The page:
“Unfortunately, our students don’t receive the full service of our schools, our libraries, our curriculum and, unfortunately, their own knowledge,” says Ingram. “These are things that do not bode well for an educated population in this democracy trying to make this a fairer game.”

Nowadays, banning a physical book from a physical place only gets so much. Books can be purchased, accessed online, or borrowed from another library. But the act of prohibition still sends a message to students.

in one recent interview with Reader’s DigestIbram X. Kendi, author of the frequently banned or contested book How to Be Antiracist, said that books that challenge notions of Black inferiority are considered indoctrination, but books that say nothing about Blacks or notions of Black people are not affirm Black inferiority counts as education.

This message of inferiority means black and brown students are more likely to see, hear, and feel the effects than their peers.

“It’s unfortunate because we live in a society where black and brown students already have to deal with overt racism, they already have to deal with politicians talking about their home country and they already have to deal with all the cynical kinds of address politics that we see,” says Ingram.

NCTE launched a campaign in May 2022 called This story is important to combat ongoing censorship because it says something “very dramatic and very disturbing” about the banned storylines, says Kirkpatrick.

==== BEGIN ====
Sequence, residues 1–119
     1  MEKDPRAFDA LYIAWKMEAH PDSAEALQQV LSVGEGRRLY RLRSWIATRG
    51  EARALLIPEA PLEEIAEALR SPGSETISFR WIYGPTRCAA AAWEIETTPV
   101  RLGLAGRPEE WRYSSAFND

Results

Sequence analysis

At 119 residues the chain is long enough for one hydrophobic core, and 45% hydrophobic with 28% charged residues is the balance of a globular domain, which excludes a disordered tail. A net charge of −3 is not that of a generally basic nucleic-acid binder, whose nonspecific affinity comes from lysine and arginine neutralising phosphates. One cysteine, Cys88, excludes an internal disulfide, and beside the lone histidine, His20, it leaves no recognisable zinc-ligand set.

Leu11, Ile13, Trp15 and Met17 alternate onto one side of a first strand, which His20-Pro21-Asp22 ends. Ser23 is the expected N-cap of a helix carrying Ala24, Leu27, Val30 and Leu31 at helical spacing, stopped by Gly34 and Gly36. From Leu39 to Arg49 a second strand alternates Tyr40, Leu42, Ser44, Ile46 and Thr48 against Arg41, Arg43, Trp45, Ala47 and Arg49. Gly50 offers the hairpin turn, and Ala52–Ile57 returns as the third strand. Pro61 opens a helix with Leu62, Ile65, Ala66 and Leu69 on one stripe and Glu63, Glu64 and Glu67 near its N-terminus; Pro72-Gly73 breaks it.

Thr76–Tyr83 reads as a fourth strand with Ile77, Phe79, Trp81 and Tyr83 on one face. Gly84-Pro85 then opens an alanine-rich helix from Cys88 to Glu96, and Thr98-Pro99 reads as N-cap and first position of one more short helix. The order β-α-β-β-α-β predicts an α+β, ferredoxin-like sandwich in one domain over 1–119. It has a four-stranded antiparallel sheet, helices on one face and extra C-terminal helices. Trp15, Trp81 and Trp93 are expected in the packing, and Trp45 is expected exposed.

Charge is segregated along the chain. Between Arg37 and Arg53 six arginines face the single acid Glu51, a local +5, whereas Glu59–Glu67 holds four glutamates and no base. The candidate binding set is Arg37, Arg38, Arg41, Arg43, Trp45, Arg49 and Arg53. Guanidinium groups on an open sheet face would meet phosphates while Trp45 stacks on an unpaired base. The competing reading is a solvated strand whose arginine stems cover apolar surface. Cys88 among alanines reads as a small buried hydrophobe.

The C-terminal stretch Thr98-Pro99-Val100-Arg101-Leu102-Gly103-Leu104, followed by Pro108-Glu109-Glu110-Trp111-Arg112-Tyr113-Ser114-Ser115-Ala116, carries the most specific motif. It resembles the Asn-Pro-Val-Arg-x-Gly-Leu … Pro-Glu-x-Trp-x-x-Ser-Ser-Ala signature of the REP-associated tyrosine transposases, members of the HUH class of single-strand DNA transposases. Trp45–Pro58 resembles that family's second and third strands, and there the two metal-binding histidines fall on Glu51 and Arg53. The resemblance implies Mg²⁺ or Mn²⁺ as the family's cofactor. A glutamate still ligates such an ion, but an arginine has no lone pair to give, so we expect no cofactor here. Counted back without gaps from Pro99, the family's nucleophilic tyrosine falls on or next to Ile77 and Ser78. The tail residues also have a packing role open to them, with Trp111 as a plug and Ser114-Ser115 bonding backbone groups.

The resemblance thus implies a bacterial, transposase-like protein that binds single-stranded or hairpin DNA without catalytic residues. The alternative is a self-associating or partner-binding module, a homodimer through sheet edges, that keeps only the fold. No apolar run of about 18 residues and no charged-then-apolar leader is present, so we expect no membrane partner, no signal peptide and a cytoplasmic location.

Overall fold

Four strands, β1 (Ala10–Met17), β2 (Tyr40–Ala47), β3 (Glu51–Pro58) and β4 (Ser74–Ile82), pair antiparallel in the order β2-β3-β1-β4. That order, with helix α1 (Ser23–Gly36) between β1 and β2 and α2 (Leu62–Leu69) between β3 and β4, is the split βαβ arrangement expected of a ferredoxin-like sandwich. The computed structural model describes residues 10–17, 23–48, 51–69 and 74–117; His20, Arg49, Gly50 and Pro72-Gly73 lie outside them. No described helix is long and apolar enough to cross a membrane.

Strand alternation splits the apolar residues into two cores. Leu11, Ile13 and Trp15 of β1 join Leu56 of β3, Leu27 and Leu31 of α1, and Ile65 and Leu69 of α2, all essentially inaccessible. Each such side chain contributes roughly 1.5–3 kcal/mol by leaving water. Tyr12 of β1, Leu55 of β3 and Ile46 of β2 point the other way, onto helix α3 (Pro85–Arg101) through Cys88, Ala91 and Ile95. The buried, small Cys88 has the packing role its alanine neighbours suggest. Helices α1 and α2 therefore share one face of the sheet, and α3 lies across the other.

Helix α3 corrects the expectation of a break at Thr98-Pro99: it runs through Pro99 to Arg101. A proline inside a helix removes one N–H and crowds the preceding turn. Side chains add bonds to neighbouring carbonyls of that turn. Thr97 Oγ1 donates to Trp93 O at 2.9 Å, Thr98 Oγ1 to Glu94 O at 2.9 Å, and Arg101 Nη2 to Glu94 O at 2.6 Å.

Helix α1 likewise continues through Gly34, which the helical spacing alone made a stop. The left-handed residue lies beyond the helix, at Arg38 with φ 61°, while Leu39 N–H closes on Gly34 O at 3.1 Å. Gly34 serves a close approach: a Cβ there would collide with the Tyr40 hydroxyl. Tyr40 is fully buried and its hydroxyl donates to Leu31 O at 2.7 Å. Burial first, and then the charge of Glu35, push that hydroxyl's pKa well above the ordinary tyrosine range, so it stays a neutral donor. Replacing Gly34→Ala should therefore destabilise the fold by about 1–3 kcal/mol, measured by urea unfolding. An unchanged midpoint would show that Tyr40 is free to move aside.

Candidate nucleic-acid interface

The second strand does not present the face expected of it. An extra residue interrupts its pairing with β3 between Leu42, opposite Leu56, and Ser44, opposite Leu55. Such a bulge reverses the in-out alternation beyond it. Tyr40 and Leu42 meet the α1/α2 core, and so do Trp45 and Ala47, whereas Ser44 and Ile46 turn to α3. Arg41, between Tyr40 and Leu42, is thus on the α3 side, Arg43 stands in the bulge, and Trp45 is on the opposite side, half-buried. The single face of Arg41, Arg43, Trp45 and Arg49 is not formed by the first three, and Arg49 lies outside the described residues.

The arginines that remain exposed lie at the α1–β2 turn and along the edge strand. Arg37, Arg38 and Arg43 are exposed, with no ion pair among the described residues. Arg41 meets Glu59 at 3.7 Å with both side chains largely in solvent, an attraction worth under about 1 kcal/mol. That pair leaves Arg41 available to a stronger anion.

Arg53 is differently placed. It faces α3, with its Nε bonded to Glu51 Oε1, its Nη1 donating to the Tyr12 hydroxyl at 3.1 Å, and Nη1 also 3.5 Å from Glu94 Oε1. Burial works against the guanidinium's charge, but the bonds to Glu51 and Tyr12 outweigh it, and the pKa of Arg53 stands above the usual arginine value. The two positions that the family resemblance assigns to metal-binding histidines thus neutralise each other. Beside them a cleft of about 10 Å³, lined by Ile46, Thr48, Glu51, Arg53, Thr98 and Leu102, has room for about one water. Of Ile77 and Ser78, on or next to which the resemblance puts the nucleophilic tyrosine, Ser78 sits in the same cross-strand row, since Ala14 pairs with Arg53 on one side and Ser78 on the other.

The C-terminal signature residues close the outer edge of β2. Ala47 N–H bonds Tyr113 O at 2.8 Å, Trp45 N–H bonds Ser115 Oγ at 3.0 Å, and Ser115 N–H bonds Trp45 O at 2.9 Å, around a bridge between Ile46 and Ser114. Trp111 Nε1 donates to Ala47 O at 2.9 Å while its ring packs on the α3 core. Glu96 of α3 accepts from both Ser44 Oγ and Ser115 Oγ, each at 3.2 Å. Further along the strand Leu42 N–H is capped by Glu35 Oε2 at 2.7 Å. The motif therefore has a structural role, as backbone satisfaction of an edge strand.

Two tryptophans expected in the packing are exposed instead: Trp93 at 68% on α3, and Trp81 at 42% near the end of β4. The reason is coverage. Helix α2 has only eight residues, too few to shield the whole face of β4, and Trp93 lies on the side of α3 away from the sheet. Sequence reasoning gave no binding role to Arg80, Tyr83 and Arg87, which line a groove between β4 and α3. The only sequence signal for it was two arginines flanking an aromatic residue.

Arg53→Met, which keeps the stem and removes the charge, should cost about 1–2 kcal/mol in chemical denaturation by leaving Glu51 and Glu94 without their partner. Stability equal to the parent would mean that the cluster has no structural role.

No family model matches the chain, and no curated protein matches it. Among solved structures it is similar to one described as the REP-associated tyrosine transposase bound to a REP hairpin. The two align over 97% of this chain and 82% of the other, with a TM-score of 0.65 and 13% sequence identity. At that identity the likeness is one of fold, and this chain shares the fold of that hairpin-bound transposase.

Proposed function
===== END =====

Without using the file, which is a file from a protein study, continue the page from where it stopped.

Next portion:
“When students identify with a story or a character, the ultimate message that’s been conveyed is that you don’t matter,” says Kirkpatrick.

When students identify with a story or character, the ultimate message conveyed is that you don’t matter


McDaniel repeats what Dr. Rudine Sims Bishop, the “mother” of multicultural children’s literature, wrote in 1990.

“Books are sometimes windows that offer views of worlds that may be real or imagined, familiar or alien,” wrote Sims Bishop. “These windows are also sliding glass doors, and readers only have to pass through in the imagination to become part of the world that the author has created and recreated. If the lighting conditions are right, a window can also be a mirror. Literature transforms human experience and reflects it back to us, and in this reflection we can see our own lives and experiences as part of the larger human experience.”

“For everyone, especially people who don’t always have the opportunity to explore beyond what they’re experiencing, books provide those windows,” says McDaniel, “just as they provide the mirrors and the sliding glass doors that Dr. Rudine Sims Bishop when it comes to those conversations.”

And having politicians in the classroom telling teachers what they can teach and what books are acceptable has dangerous consequences. That’s why AFT distributes books and helps open more libraries to give students “a full spectrum of education…so they can be better stewards of society.”

“If we attack our public schools and our classrooms,” says Ingram, “it will endanger what we know as democracy for years to come.”